The Deaf Academy (Formerly Exeter Royal Academy for Deaf Education) Interim visit report
Unique reference number: 132001
Name of lead inspector: Judy Lye-Forster, HMI
Visit date(s): 4 to 5 November 2020
Type of provider:

Independent specialist college

Address: 1 Douglas Avenue Exmouth Devon EX8 2AU

Interim visit
Context and focus of visit

On 17 March 2020, all routine inspections were suspended due to the COVID-19 (coronavirus) pandemic. As part of our phased return to routine inspections, we are carrying out ‘interim visits’ to further education and skills providers. Interim visits are to help learners, parents, employers and government understand how providers are meeting the needs of learners and apprentices in this period, including learners with high needs and those with special educational needs and/or disabilities.

We intend to return to routine inspection in January 2021 but will keep the exact timing under review.

The focus of these visits is on the themes set out below and the findings are based on discussions with leaders, managers, staff and learners.

Information about the provider
The Deaf Academy (formerly Exeter Royal Academy for Deaf Education) includes a school for pupils aged five to 16 and a college for students aged 16 and over. The college is based in a purpose-built site in Exmouth. The vast majority of the students are profoundly deaf and use British sign language as their first language. Many students have additional, often complex, needs which are barriers to learning. Students study individual programmes at the college site or at one of the partner colleges. All have an education, health and care plans (EHCP). The college offers day and residential placements. Students from many parts of England and Wales attend the college and stay in its residential accommodation. At the time of this visit, 31 students aged between 16 and 25 years attended the college.

What actions are leaders taking to ensure that they provide an appropriate curriculum that responds to the reasonable needs of learners and stakeholders and adapts to changed circumstances?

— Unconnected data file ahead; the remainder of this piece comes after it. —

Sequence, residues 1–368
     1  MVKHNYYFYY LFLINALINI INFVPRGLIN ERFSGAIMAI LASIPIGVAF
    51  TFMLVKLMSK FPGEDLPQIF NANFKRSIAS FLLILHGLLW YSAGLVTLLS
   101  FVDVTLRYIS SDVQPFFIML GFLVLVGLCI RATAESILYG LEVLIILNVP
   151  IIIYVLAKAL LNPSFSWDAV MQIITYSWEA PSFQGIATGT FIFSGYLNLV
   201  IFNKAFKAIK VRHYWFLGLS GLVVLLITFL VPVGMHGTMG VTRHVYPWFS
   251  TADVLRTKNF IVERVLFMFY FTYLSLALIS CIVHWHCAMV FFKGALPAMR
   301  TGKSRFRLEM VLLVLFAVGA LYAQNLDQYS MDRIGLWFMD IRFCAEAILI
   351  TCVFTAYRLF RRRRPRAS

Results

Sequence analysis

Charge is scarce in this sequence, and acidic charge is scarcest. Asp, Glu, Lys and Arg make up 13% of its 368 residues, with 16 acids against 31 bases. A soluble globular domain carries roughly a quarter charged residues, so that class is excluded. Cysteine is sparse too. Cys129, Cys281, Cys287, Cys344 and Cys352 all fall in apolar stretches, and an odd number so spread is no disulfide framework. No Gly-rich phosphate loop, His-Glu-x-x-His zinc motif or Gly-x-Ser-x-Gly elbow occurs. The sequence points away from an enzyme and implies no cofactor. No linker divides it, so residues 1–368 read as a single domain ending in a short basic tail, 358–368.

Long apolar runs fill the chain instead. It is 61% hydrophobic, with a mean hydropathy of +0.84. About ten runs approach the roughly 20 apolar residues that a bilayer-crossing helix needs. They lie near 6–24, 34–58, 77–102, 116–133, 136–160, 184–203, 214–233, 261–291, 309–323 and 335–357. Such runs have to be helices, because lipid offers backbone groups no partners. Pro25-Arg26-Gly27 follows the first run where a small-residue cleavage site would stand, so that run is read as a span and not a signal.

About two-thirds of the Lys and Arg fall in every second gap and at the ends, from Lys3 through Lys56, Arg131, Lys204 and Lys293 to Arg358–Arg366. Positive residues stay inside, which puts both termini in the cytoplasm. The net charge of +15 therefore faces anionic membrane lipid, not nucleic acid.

Senior leaders told us that throughout the pandemic their priority has been to ensure that all students receive their full entitlement to education. Students continue to attend lessons face-to-face wherever possible, but, where it is not possible, they have been taught through the college’s online academy. This was newly built in March. The aim of the online academy was to give students the same learning schedule and teacher contact they would normally have at college. Staff ensured that all students had the technology they would need at home and could access the online academy successfully.
Parents told us that they were very pleased with the amount of online learning their children have undertaken, and with the communication and support they receive from staff at the college.

Early in the pandemic, the most vulnerable students and the children of key workers attended a ‘Spring Camp’, which provided face-to-face teaching and support.
Leaders explained that the supported internship programme has been severely affected by COVID-19 restrictions, with 7 out of 9 work placements being closed. They established a new employment and enterprise programme for these students. This programme includes short accredited qualifications in first aid and money management. These students also receive careers advice, and support in curriculum vitae building and completing application forms for work. Leaders hope students can return to work-related activity and placements in January 2021.